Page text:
If both dragonborns and tieflings were the results of cross-breeds between dragons/demons (or was it devils?) I would agree. But it is my understanding that the way they are presented is that these races are races in their own right resulting of ancient pacts or magical manipulation. They are no longer the result of breeding. As for the elimination of half-orcs and gnomes... It is a decision that disappoints me also.

    Jon Brazer Enterprises

    crosswiredmind wrote:
    Solid, rational, reasonable, and I can totally get where you are coming from. We disagree, but it's one of those disagreements where neither of us is wrong and those are the best kind.

    :) Glad we can see each other's side.

    crosswiredmind wrote:

    The only point that you raised that I do not understand is this little snippet ...

    "its an RPG, not a minis game with role playing built around it"

    The reason I do not get it is this - that is how D&D was born. The very DNA of this game is miniatures with a layer of roleplaying. In order to play the original edition you needed a copy of Chaimail. One of the very first supplements was Swords & Spells that contained rules for mass combats in D&D.

    So I am not disagreeing when you say its a minis game - I am saying that it has always been that way.

    Oh, yes. D&D definitely has it origins in minis gaming. But, IMO, 1E is the first true verion of D&D as a role playing game, hense why I refer to 1E as "traditional." O/B/E D&D's were definitely moving in that direction, but I feel that 1E is really where Role Playing first hits is stride with D&D. Others may disagree with me, but I'm just stating my opinion.

    I do not have a problem with D&D having a minis component. The minis game is fun. But minis shouldn't be required and reverting the game back towards the minis game and away from role playing is, IMO a terrible mistake for the game.

    Liberty's Edge

    In the spirit of this thread, here are the reasons why I’ve decided to not buy 4th edition. I won’t go into much detail on the ones which have already been mentioned.

    1, Dropping races and classes from the core books is a big one. My first 3.0 character was a half orc Barbarian. I really like that combination.

    2, The GSL, I am a big fan of the OGL for many reasons.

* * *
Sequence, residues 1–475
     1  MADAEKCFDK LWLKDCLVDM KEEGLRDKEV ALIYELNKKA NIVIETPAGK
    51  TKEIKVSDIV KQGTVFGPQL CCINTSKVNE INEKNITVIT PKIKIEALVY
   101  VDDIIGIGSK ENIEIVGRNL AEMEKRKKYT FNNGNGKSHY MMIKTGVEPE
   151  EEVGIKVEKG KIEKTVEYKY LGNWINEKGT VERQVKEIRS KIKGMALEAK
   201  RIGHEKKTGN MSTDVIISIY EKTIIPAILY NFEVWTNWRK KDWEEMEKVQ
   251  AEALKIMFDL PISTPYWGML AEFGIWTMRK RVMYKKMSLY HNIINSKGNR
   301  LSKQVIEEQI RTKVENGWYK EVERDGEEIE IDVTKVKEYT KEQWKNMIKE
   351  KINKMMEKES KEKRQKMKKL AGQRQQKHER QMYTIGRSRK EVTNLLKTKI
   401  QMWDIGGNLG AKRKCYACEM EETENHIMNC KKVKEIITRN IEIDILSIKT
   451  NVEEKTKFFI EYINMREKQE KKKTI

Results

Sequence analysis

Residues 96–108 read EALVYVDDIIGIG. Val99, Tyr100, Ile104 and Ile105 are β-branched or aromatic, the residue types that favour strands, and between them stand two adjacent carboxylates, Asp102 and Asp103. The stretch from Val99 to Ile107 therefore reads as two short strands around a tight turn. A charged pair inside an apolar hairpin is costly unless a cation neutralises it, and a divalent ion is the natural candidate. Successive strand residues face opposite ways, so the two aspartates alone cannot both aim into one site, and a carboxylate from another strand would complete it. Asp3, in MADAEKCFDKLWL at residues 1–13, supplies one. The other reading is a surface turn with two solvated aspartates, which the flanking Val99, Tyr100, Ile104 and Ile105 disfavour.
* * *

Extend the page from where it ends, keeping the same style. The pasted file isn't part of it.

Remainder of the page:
3, Cinematic feel. This can be fun sometimes, but should only be an option, not the core of the system.

    4, Cost, I just can’t afford it right now.

    5, Lots of 3.5 material, and the confidence that I can convert what I want to use even if it means re-building important NPCs from the ground up.

    6, Tieflings and Warlocks are also an issue with me. This one I will go into more detail on. I wasn’t around for the huge religious debates over D&D, however, I have felt the after effects. There is a lot of misinformation out there about D&D regarding the belief that people who play it are Satan friendly cultists who delight in slaughter and the sacrificing of animals and virgins. This viewpoint hasn’t gone away. Thankfully there has been enough positive press about the game, and great movies like the Lord of the Ring trilogy, which have helped bring the true nature of the game to light.

    Putting these two options into the core book is asking for trouble. It is simply deliberately adding fuel to the fire and giving the religious fanatics a really good handle to use with the public when they want to talk about how horrible the game is. I come from a rather religious family, and while I am willing to accept that this racial template and the class exist in the world, I’ve used them in games myself, it is dissapointing that their heavenly counterparts haven’t been given equal space in the Core Rules. This means that people can’t point and say that the game explores the battle between good and evil simply because it appears to the reactionaries that evil has already won, or at lest gotten the stamp of approval from the game creators.

    I view this change as foolish and short sighted on the part of WoTC.

    7, The lack of the utility of magic. I am currently playing a sorcerer who uses only enchantment spells. It is a lot of fun. If all a wizard can do now is identify magical items and lob artillery like spells that just kills the interest in the class for me. Also, necromancers are excellent villains.

    8, The loss of the magazines didn’t hit me that much, and I’m glad that Pathfinder is out. Still, the apparent lack of organized communication with 3rd party publishers is a hard thing to ignore. If the product wasn’t ready to share with the publishers, including the license, then they shouldn’t have announced it and offered it to the publishers. That just strikes me as bad business. I’m beginning to wonder if it would have been better for Wizards to simply have waited a few months, or even another year, before publicly announcing 4th ed so that they were finished with the majority of the play testing and had a solid license and core rule set that they could send out to publishers right away after the conference where they announced their intention to do so.